Preventing a Capture by the Enemy

Each piece in checkers is important. The more pieces we save from being captured the better our chances are at crowning them and winning the game. Thus, we need to know how to sometimes prevent the enemy from taking our pieces. Here are some tips on preventing a capture.

The first is avoiding an attack or going the other direction. With this technique we need to have a good reading of the enemy's play. We need to discern what the opponent's possible intentions are. When we have read the enemy strategy beforehand we prevent the imminent capture by avoiding it. If the attack would come from the right direction we take the left square way ahead to avoid it, and vice versa.

To help us discern a planned capture we also need see where strength is building up. When the enemy seems to be preparing a pair or three consecutive pieces coming from the left of our piece, we move it to the right at once before the actual plan takes place.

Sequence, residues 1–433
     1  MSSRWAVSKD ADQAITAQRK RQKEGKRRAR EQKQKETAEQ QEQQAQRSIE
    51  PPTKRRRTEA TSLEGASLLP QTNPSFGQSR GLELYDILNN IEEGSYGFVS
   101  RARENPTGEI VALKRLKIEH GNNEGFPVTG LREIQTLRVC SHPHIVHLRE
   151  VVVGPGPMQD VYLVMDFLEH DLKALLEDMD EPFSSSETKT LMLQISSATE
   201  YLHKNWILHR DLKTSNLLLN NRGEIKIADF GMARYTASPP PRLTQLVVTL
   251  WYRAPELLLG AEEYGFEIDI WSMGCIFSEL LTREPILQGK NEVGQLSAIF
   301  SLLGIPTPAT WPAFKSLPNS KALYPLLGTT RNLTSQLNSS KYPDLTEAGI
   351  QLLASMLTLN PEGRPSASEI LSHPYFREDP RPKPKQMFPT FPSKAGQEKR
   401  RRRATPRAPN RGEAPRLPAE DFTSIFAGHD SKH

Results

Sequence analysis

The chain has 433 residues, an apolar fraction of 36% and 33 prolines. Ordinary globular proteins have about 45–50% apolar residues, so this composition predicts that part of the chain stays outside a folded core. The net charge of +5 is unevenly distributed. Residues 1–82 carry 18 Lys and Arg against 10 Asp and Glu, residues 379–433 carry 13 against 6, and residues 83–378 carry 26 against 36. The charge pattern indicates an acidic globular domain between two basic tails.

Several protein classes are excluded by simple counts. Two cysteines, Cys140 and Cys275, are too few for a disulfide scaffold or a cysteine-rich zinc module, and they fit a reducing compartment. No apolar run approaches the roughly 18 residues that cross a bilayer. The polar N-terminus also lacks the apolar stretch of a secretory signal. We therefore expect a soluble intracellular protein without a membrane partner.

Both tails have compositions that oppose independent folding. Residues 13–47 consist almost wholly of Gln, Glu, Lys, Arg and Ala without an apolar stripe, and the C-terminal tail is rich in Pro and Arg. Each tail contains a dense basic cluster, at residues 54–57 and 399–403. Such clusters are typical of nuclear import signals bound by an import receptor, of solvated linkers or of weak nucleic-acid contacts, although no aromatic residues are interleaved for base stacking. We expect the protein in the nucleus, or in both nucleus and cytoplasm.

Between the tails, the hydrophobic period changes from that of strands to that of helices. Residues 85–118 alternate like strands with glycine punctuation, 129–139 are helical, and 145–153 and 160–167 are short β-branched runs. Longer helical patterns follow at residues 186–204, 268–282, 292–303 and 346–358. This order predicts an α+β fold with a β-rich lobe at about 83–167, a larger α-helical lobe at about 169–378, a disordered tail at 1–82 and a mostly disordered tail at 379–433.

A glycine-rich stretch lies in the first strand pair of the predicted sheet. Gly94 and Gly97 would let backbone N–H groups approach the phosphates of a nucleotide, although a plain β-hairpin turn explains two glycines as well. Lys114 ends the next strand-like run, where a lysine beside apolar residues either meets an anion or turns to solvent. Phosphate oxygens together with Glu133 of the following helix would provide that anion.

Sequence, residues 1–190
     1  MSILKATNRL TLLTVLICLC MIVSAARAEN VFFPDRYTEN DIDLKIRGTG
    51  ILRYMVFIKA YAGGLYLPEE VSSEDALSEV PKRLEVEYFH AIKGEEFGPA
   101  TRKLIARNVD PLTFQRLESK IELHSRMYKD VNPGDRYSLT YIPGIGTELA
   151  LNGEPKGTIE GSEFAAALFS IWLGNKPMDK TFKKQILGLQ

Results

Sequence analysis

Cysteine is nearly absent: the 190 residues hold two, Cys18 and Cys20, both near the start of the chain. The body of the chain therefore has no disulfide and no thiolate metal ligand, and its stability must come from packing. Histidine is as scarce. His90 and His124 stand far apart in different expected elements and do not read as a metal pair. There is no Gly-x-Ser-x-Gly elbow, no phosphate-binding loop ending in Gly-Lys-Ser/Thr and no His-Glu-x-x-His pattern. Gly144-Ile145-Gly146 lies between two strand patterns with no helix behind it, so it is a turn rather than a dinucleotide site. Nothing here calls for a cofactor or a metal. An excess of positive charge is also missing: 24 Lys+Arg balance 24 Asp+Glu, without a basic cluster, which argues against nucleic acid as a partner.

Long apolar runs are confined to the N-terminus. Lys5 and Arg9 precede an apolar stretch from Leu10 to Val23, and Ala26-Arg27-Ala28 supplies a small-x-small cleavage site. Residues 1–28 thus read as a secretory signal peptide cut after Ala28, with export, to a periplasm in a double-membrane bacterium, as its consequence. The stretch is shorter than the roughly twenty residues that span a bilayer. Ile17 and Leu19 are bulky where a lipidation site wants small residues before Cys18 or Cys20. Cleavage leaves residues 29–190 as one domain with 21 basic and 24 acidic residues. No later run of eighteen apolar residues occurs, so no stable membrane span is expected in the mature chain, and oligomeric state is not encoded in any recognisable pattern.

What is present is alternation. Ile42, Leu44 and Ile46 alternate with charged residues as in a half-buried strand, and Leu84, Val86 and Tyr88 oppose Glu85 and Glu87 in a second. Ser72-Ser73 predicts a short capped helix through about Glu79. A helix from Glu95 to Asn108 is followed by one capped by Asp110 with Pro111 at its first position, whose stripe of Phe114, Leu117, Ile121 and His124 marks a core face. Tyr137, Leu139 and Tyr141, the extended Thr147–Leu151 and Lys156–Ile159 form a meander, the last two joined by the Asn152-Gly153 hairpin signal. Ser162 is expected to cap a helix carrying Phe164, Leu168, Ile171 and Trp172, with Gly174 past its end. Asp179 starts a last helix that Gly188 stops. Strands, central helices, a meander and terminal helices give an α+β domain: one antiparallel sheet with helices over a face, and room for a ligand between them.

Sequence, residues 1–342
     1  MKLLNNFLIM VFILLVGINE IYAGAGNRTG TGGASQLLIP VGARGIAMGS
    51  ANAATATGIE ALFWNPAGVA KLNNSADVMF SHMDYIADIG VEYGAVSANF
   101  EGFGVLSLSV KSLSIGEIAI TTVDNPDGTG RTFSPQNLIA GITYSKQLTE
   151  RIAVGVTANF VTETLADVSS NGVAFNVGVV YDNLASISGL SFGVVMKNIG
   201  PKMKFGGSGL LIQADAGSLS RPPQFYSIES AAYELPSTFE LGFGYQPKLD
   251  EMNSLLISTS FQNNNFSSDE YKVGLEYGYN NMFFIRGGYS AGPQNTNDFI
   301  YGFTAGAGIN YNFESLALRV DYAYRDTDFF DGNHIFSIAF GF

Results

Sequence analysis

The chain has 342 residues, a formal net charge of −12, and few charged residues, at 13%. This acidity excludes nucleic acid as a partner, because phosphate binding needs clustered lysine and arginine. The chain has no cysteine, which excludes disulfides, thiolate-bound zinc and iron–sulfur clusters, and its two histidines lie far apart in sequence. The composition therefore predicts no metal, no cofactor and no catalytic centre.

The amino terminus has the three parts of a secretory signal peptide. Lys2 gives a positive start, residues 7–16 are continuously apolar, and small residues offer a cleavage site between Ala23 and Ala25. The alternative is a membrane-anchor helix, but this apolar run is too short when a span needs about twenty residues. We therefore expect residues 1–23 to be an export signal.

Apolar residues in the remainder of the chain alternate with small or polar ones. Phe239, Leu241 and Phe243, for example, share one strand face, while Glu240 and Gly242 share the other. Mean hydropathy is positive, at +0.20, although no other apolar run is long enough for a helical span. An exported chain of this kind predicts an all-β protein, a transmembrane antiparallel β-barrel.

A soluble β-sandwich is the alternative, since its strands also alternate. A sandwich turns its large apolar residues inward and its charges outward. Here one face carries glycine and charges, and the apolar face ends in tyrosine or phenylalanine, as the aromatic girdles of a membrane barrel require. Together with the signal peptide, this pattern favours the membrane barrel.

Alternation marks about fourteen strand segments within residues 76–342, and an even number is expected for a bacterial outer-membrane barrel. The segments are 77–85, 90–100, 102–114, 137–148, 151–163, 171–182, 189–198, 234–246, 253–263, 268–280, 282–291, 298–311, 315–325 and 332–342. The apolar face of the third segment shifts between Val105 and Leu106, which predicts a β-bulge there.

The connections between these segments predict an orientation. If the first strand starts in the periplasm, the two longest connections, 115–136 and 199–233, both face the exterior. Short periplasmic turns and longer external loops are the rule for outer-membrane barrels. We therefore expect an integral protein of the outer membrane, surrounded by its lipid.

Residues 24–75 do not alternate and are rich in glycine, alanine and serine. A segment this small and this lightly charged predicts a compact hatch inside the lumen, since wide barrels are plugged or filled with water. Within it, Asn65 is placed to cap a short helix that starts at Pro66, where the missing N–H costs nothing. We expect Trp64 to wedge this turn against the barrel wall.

Also, among tips on preventing a capture is blocking. When our piece and an enemy piece are separated by a free square and an enemy piece occupies it, our piece is in danger of a capture. What we do is to block the attack by placing a piece right behind the piece about to be taken. Another is to immediately occupy the free square with the piece the enemy is targeting, and there's a back up ally piece behind it. When it gets captured the back up counter captures and the loss is equalized.

Blocking is possible if we set out our pieces always in teams. This means no one piece is an island standing alone but always with companions. It's like a buddy-buddy formation where team members watch each other's back. When a piece is captured the other team members readily counters to equalize the loss. This can be done by grouping our 12 pieces into groups of 3, having 4 groups is all. Just be careful that they don't end up victims of a triple capture.

When pieces are grouped in three we can have them in a diamond formation. This formation allows flexibility for blocking techniques. The diamond is either made up of a leading center piece with two pieces left and right, or two leading pieces left and right of a rear piece.

Tips on preventing a capture is important to have enough pieces remaining for crowning purposes.

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